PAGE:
By Alissa Johnson
You might be able to relate to this story. I met a friend for coffee and the conversation turned to writing (as you can imagine, this happens a lot). She was in a tough spot: she wanted to write but didn't know what to write.
Now, this friend has already published two books, but when she started a third, she stalled out. The magic wasn't there, and she's gone quite a while without writing. Now she had to decide, if she didn't write that third book, what should she write?
At first I got the impression that she no longer resonated with that third book idea. But as we talked, I realized that she still liked it; she had just fallen out of love with the process.
You see, in writing that third book, she tried to do things differently. She decided that a certain plot element was off limits—namely, the mystical or supernatural—only to have the story go that way. At the same time, she plotted the book before she wrote and used one of those fancy computer programs that help you write.
Yet here's what I know about said friend:.
- As a yogi and Yoga Nidra guide, she naturally has a tendency to delve into the mystical
- She wrote her first two books by discovering the story as she went, not plotting it out ahead of time
- And she didn't use one of those fancy programs
While those approaches work for some writers, they didn't work for her.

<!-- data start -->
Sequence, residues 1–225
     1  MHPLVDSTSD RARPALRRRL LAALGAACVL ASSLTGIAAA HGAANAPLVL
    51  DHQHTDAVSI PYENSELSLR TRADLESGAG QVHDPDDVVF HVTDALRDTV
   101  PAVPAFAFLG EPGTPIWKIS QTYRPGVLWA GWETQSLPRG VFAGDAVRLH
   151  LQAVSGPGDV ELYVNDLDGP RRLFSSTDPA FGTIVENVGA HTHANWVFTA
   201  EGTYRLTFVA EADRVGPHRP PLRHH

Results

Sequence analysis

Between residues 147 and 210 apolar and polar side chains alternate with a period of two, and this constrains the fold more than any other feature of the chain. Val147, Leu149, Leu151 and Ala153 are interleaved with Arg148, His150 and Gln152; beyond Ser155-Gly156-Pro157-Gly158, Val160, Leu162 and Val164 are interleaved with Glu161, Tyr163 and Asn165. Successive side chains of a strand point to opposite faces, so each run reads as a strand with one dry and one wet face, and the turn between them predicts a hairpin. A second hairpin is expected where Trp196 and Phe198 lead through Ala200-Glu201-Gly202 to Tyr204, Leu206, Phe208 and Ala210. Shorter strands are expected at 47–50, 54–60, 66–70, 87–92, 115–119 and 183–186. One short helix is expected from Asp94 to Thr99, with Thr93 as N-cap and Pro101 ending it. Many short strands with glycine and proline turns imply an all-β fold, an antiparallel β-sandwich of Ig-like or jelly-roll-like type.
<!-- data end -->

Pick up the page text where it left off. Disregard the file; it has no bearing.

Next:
And to me, the solution was clear. Let the story be supernatural (as it seemed to want to be) and use whatever process worked before.
All too often, as writers we hold our processes up to whatever we think a "real" writer would do. Then we aspire to a process that may or may not work for us.
It's important to remember that all any writer can do is do what works for him or her.
So if you're trying to do things the "right" way and it's not working, consider this your permission to do it your way.
In other words? You can write however you darn well please! And with that in mind, I'm curious: what's one thing you think you should do but just doesn't work for you? Let me know in the comments or join the conversation on the Facebook page, and we'll let go of trying to adopt these habits together.
P.S. Interested in learning the #1 way writers make things harder than they need to be - and how to end the struggle? I have a three-part series you aren't going to want to miss! Join here.